Interesting. When I was a kid, living in Simi Valley, my family camped at, what we then called Lundy Lake, a couple of times. I stll remember hiking up the canyon to where there were snowfields. I also remember, not long ago, my older brother telling me we met an old miner up there, who had a poke full of nuggets. Apparently he told us he knew where he could get gold any time he needed it. I was only about 7, so don't remember the old guy. Jim
  9. 1 point
    I would like to address this from the ranchers point of view. First I grew up on a cattle ranch. But in Texas where I grew up is all private land with no open BLM land so there is no public use. Never the less. If I have my property ( the cattle) out on a piece of ground I will want to know what you are doing out there. Ok so let’s say you go out on public lands to hunt deer or quail. That is your right, but what happens when you shoot my cow? Also you might consider that cattle rustling still exists in this day and age. Cows are worth three to five hundred dollars a piece. So if you run into a mad rancher you might take a minute to consider his point of view. He is just protecting his property the cattle. So with that said you might want to take the time in your research of new places to hunt gold and find out who has the grazing rights leased on the land you wish to prospect and contact them so they know who you are and what you are up to before going. Who knows they may know where the gold is and can point you to places worth looking at. After all they have probably spent more time on that ground than anyone else.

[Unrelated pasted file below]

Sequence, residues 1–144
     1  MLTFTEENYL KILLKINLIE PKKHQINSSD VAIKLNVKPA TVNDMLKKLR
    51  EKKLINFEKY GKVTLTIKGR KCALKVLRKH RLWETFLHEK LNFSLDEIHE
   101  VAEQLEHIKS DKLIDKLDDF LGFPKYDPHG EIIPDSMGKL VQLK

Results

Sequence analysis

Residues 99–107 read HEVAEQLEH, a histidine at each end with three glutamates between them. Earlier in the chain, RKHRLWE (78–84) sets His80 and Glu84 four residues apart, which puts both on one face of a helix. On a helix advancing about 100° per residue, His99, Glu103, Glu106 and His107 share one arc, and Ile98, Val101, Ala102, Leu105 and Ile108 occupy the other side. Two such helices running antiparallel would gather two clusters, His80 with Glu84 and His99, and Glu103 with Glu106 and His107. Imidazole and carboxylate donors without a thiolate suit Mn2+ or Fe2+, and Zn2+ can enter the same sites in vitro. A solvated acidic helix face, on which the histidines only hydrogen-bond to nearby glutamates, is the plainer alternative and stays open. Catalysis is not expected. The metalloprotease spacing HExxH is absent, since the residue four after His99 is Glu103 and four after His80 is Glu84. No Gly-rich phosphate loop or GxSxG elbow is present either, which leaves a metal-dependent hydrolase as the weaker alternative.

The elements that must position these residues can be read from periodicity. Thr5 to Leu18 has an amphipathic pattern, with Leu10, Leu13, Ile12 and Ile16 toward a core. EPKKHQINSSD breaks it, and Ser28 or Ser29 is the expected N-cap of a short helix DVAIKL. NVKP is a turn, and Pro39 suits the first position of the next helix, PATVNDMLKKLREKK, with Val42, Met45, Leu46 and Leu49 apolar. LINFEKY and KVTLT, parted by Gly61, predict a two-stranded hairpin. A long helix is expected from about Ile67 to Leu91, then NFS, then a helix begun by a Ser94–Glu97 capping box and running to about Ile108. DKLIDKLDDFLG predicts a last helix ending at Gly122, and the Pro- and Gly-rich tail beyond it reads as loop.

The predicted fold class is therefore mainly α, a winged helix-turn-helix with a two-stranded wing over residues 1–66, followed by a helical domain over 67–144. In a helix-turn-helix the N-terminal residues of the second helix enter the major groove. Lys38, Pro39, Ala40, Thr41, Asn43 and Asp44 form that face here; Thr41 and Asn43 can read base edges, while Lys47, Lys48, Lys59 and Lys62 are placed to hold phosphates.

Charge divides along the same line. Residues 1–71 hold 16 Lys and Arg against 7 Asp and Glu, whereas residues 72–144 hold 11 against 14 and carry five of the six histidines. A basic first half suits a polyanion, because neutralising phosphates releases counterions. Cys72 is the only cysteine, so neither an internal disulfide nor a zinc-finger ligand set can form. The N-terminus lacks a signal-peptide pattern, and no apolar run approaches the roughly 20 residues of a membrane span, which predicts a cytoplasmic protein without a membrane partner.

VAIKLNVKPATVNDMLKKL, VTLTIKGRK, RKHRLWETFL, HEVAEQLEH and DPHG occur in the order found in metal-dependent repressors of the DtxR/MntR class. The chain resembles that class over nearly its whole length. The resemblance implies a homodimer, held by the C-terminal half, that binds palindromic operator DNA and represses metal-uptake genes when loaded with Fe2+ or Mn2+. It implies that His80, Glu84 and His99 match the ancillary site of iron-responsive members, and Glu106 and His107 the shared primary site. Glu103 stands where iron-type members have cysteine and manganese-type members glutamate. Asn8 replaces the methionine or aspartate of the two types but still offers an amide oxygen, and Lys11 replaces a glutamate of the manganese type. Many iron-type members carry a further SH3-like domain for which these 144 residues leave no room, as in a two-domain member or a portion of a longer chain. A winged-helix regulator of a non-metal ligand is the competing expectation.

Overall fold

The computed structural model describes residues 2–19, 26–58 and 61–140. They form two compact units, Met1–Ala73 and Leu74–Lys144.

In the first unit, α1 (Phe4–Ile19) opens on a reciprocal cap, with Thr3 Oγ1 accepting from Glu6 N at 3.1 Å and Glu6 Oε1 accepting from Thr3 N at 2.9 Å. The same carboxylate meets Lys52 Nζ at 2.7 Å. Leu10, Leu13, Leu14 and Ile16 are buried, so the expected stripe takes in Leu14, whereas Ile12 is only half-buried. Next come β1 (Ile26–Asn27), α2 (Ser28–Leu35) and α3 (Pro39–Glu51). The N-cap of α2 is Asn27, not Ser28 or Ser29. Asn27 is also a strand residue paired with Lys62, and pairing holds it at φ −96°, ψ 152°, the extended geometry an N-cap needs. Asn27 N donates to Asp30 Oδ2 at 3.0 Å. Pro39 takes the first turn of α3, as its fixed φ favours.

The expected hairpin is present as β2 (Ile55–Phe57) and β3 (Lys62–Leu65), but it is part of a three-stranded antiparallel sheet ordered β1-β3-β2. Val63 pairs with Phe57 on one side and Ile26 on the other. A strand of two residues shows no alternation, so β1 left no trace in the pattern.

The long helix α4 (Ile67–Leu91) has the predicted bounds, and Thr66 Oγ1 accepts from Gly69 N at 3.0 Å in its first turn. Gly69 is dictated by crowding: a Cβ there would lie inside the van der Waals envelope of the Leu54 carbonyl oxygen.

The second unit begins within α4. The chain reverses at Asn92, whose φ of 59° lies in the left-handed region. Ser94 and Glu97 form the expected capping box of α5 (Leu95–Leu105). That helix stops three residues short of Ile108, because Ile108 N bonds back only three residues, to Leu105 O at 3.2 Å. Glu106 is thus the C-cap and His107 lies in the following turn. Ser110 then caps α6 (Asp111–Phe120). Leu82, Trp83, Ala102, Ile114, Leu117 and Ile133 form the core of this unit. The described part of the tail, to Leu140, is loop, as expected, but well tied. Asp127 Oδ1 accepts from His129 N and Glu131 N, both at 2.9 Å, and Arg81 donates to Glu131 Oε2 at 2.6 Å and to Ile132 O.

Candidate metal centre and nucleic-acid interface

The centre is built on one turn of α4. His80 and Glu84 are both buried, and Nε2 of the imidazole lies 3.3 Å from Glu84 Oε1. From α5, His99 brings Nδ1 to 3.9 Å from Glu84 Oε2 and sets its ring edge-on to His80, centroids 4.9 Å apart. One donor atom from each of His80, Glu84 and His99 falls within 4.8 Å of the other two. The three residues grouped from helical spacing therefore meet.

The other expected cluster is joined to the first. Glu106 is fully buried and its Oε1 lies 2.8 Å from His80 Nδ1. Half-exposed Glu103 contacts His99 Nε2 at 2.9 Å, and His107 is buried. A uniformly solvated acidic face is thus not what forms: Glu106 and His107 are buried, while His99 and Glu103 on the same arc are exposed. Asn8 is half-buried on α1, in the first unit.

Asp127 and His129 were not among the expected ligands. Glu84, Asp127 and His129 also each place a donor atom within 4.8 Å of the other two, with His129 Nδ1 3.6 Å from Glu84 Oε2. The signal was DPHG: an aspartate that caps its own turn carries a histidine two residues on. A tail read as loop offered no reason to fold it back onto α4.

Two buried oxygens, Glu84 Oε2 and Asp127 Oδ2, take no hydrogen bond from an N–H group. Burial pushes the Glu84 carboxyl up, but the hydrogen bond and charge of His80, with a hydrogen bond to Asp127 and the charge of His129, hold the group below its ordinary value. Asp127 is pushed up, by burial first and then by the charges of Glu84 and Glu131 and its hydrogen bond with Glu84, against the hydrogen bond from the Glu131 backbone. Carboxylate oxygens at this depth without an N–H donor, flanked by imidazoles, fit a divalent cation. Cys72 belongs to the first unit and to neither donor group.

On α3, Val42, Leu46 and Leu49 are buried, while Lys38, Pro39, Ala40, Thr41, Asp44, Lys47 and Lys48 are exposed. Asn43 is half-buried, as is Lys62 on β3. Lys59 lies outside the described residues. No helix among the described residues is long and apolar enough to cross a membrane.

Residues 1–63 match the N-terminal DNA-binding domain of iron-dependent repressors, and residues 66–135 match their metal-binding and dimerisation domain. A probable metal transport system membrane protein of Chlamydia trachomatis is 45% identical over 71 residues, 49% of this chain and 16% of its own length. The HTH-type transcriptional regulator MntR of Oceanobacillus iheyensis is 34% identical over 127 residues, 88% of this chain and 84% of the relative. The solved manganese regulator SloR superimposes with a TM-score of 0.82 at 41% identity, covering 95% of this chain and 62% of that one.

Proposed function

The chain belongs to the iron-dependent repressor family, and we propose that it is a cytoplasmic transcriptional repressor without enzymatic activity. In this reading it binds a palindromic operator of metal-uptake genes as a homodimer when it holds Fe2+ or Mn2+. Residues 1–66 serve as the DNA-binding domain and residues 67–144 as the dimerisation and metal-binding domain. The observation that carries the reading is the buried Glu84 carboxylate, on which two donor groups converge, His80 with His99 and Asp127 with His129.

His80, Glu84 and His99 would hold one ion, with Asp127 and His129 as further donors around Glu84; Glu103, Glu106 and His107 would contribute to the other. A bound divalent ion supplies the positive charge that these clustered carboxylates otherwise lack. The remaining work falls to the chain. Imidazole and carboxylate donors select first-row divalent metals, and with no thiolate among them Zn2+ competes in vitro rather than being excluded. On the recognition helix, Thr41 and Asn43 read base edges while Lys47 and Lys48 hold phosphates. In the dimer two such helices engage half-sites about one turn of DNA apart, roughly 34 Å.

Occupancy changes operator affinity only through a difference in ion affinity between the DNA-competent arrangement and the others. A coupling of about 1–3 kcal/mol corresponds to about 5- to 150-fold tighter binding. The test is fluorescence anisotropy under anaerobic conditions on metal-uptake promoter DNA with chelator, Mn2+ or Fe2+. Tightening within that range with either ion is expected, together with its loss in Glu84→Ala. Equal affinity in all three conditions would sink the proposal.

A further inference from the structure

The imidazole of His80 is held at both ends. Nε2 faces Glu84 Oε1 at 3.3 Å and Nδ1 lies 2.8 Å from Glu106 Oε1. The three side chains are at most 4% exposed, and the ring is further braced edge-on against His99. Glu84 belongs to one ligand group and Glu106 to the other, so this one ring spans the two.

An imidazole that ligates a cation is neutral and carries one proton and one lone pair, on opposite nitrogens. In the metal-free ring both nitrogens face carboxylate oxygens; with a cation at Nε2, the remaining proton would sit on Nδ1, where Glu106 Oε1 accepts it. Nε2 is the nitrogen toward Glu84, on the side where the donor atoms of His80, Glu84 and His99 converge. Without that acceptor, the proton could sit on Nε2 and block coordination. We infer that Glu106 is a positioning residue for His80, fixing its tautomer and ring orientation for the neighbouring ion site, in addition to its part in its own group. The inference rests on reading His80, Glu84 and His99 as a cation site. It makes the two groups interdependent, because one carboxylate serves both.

10. 1 point